This weekend, high school theater fans will have the chance to devour not just a murder mystery but a sit-down dinner, all in one evening at Prior Lake High School.
This is the first time the high school has offered a catered dinner-theater experience, complete with pork, roast beef and mashed potatoes, and director Jennifer Witt says she hasn’t heard of any other area high schools doing the same.
The dinner will be served before the performance of Agatha Christie’s melodramatic tale of unrequited love and murder in “Verdict.”
Witt, who has directed shows at PLHS since 2006, said she’s “toyed with the idea” of hosting a dinner theater for years, but because another event was always held the same weekend as the spring show, the commons area has been unavailable.
“Everything just fell together really nicely for me to do it this year,” she said.
Another first for Witt will be directing a mystery, which the school hasn’t done in 15 years.
The script “really spoke to me as something we could do here,” she said. “Each year when I make a choice of which show to do, I try to make it an educational experience as well as an entertaining one [for the students].”
With 10 students, the cast is “smaller and more intimate,” than some, but there also are four large roles, which gives more students a chance to perform, said Michele Lein, assistant director.
Patrons who bought tickets for Saturday’s sold-out dinner/theater combo also will have the most intimate seats, clustered around a rounded thrust stage that juts out into two rows of seats, Witt said.
Technical director Dave Tuma designed the set, which remains the same throughout the show, on a “very frugal” budget. He’s never created a thrust stage before, and used a turntable leftover from a previous musical to build it. “I always say, ‘They did it on Broadway. Why can’t we?’ ” he said.
The challenge of a mystery
The play’s plot centers around the Hendryks, a couple that has recently relocated to England. The husband, Karl, is a charming and successful professor, while wife, Anya, is in a wheelchair and fatally ill. Karl is soon manipulated into tutoring a wealthy, strong-willed student, Helen, who is infatuated with him.
Two deaths and a confession later, Karl turns to lifelong friend Lisa to cope, but Lisa ends up accused of murder.
As with many Agatha Christie plays, there’s lots of foreshadowing, and “everything in the show has a purpose,” said senior Taylor Strait, who plays Lisa.
While the play is alternately sad, dramatic and violent, it isn’t a comedy or a musical, which means the show isn’t broken up by jokes or rousing song-and-dance numbers, Witt said.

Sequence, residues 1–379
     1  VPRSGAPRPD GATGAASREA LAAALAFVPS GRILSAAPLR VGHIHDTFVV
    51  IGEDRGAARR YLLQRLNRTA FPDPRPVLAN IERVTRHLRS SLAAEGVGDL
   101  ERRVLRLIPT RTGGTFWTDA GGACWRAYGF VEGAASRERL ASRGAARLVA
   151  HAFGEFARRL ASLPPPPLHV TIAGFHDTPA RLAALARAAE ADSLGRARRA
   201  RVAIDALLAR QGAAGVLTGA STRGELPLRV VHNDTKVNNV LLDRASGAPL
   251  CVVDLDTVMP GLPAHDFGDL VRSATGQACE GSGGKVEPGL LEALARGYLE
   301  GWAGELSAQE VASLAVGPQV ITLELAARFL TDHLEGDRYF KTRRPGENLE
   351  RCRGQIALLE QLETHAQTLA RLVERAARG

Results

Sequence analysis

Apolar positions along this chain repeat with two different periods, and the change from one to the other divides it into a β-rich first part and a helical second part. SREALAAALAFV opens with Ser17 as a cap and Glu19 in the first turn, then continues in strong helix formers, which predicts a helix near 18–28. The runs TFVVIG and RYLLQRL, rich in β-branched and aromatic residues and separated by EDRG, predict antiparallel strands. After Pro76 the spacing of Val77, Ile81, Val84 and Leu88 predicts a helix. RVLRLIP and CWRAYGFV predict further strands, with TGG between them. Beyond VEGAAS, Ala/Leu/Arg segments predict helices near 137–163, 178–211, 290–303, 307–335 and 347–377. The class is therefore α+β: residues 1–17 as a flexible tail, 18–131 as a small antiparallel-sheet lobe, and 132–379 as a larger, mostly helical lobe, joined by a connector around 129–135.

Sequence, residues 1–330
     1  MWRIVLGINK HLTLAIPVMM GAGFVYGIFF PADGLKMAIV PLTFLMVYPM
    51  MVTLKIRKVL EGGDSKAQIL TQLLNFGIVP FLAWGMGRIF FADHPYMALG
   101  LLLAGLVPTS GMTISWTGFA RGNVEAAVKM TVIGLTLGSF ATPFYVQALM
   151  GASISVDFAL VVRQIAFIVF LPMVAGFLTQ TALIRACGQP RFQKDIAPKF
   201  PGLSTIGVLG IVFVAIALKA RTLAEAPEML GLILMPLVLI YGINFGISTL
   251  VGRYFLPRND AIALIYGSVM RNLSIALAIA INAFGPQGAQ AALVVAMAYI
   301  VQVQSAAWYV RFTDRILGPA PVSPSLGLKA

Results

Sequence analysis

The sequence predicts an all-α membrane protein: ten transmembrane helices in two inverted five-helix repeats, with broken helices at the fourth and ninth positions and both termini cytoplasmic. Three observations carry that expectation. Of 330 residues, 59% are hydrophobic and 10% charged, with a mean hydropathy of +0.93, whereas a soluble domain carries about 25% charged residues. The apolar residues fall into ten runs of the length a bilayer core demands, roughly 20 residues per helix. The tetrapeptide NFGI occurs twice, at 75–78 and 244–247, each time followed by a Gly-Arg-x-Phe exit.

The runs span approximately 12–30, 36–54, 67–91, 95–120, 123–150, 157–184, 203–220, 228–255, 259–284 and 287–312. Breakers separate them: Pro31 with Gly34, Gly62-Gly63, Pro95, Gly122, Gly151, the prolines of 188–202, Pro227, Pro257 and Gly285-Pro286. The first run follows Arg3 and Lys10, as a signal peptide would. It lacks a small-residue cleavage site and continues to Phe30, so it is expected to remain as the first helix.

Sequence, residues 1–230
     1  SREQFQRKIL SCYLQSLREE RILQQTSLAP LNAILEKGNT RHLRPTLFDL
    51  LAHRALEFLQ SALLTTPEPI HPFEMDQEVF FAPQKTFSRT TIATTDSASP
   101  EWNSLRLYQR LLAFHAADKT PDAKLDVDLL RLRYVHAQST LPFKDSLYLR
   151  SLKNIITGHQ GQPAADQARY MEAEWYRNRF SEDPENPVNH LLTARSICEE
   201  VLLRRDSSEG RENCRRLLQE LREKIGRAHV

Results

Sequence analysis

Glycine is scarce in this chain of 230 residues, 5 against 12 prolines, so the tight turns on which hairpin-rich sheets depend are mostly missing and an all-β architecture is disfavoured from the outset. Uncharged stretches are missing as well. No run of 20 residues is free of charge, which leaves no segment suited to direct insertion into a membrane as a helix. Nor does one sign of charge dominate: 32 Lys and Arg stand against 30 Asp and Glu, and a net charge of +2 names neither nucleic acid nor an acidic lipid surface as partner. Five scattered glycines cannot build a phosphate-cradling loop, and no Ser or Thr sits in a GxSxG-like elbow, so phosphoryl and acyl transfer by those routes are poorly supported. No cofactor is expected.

As a result, the cast must work hard to “keep the audience engaged and interested for that full two hours,” she said.
To do so, they must fully develop their characters, a challenge the cast said they have enjoyed doing over nine weeks of rehearsals.
Strait said her character is sophisticated, unlike the younger characters she’s played in the past. “I like that she means well but she still causes problems in the plot,” she said.
The role of affable Karl is played by Aaron Boger, who has starred in all 12 PLHS shows performed in the past four years.
One of his main challenges is portraying a 40-year-old man at age 18. “They can put the creases on your face and make your hair gray, but you still kind of have to act old,” he said.
He’s also worked with Witt, who has coached him on how Karl might act in different situations.
“It’s nice to be able to push myself in something I know I can get better at,” he said of acting in general.
“The goal is always to direct and guide them,” Lein said. “They’re all really independent, responsible kids, so if you kind of point them in the right direction, they work really hard.”
Behind the scenes, 25 to 30 other students work to make sure actors on stage have just the right prop or outfit at the right time, that the stage is well-lit and the set looks realistic.
Assistant stage manager Vanessa Keo said she appreciates “being a part of something bigger” than herself. She loves the initial read-through of the script, when she starts to envision how specific props will fit perfectly into a scene, she said.
Witt said the marker of success for the show — and her first time hosting a dinner theater — isn’t necessarily sold-out crowds.
Sure, she will be thrilled if students deliver their lines seamlessly, or audiences say they love the show. But “when kids walk away from this thinking they did an awesome job, that’s all I need to know,” she said.